The Ministry of Home Affairs on Friday clarified that it had not conferred any new powers on any central security or law enforcement agency through its notification on the monitoring of data in computers. The notification issued on Thursday was in accordance with rules framed in 2009, the ministry said after severe criticism of the order enabling 10 agencies to monitor, intercept and decrypt “any information generated, transmitted, received or stored in any computer”.
The ministry cited Rule 4 of the Information Technology (Procedure and Safeguards for Interception, Monitoring and Decryption of Information) Rules 2009, which says that a competent authority may authorise a governmental agency to intercept, monitor or decrypt information in any computer.
Every individual case will continue to require prior approval of the Union home secretary or the state government, the ministry said in a statement. “The MHA has not delegated its powers to any law enforcement or security agency,” it added.
According to the order, the service provider, subscriber or person in charge of a computer resource will be bound to extend all technical assistance to the agencies – failing to do so will lead to imprisonment extending up to seven years and a fine. The agencies mentioned in the order are the Intelligence Bureau, Narcotics Control Bureau, Enforcement Directorate, Central Board of Direct Taxes, Directorate of Revenue Intelligence, Central Bureau of Investigation, National Investigation Agency, Cabinet Secretariat (RAW), Directorate of Signal Intelligence (for service areas of Jammu and Kashmir, North East and Assam) and Commissioner of Police, Delhi.
In its clarification on Friday, the ministry said: “As per rule 22 of the IT [Procedure and Safeguards for Interception, Monitoring and Decryption of Information] Rules 2009, all such cases of interception or monitoring or decryption are to be placed before the review committee headed by Cabinet Secretary, which shall meet at least once in two months to review such cases. In case of state governments, such cases are reviewed by a committee headed by the Chief Secretary concerned.”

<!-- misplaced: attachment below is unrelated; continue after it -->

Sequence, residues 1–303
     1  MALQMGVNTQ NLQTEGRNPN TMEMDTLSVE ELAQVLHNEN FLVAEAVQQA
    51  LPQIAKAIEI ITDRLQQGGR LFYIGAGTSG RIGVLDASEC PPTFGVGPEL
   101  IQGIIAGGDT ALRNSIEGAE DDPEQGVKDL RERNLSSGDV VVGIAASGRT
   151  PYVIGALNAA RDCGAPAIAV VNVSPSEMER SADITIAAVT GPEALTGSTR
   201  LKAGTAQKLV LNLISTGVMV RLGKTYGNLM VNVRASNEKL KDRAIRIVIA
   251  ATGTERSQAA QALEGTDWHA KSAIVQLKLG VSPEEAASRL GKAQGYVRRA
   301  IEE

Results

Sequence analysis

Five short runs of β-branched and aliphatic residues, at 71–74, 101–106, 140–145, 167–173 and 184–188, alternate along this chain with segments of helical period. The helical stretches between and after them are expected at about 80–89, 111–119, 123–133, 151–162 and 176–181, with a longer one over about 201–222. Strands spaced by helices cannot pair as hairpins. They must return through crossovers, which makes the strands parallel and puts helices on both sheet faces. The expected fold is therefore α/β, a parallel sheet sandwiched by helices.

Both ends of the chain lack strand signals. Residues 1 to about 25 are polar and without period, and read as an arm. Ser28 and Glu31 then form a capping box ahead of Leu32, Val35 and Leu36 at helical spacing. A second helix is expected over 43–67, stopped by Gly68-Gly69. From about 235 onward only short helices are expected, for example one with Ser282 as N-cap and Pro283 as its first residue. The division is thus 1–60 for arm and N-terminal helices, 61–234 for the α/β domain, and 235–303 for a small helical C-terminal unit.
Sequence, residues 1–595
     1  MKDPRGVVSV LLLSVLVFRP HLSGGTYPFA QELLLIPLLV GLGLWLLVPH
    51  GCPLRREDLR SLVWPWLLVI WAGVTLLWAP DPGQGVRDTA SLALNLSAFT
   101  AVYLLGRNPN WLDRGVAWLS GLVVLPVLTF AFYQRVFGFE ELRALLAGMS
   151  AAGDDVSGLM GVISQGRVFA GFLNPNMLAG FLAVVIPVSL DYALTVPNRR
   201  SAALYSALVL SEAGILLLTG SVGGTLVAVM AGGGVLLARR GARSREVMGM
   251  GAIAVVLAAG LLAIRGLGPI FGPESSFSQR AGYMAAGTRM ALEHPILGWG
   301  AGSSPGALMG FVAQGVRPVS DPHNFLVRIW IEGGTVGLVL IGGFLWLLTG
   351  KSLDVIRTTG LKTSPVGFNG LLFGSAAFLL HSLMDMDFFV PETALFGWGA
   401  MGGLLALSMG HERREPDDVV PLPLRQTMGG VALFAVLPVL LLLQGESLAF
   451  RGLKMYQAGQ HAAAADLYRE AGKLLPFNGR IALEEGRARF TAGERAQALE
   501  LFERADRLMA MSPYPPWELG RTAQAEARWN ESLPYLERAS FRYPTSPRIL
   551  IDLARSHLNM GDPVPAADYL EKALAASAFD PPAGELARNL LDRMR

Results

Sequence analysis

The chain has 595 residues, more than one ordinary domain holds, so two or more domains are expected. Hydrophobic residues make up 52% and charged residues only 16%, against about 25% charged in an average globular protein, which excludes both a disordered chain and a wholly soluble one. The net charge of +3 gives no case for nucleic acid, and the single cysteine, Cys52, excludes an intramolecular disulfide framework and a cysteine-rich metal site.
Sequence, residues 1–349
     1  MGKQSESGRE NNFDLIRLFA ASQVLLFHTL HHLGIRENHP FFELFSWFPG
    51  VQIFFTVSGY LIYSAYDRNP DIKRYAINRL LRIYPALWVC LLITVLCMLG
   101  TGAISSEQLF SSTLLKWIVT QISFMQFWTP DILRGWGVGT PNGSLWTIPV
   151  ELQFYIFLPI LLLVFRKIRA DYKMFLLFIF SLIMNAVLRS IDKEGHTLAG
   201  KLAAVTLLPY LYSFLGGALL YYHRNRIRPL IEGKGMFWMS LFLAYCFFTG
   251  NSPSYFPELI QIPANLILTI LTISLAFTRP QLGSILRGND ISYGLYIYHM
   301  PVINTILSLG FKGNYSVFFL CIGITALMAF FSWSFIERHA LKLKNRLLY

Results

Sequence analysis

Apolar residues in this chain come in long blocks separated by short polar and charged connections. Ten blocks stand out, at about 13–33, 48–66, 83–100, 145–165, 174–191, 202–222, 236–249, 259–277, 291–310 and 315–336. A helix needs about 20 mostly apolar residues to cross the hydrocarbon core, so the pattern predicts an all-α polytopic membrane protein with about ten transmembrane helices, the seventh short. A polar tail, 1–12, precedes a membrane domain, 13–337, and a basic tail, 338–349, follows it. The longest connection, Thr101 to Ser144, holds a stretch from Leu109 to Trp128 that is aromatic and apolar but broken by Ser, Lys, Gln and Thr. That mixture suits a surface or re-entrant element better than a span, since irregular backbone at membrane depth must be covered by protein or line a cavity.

The ministry said the new notification will help only authorised agencies to exercise these powers and ensure that due process of law is followed. “Similar provisions and procedures already exist in the Telegraph Act along with identical safeguards,” it added.
Opposition parties on Friday criticised the Centre following Thursday’s notification. Congress President Rahul Gandhi said the order would prove that Narendra Modi was an “insecure dictator”, and former Union minister P Chidambaram said it would destroy the structure of a free society and monitoring computers amounted to creating an “Orwellian state”. Communist Party of India (Marxist) General Secretary Sitaram Yechury questioned why every one was “being treated like a criminal”.
In the Rajya Sabha on Friday, Union Finance Minister Arun Jaitley said the Opposition was making a mountain out of a “molehill that does not exist”. He said the Congress was crying foul over powers it had created when the United Progressive Alliance was in government. “The authorisation given to these agencies were brought to law under the UPA government in 2009,” Jaitley said. “We cannot gain access to anybody’s phone or data unless it is related to national security.”
“When senior members from Opposition raise an issue, every word spoken by them has precious value and therefore they must know facts,” Jaitley told the House.
Meanwhile, Union Law Minister Ravi Shankar Prasad said the order has been issued in the interest of national security. “It has been done under the law made by the Manmohan Singh government in 2009,” Prasad told ANI. “Each case of interception and decision is to be approved by the Union home secretary.”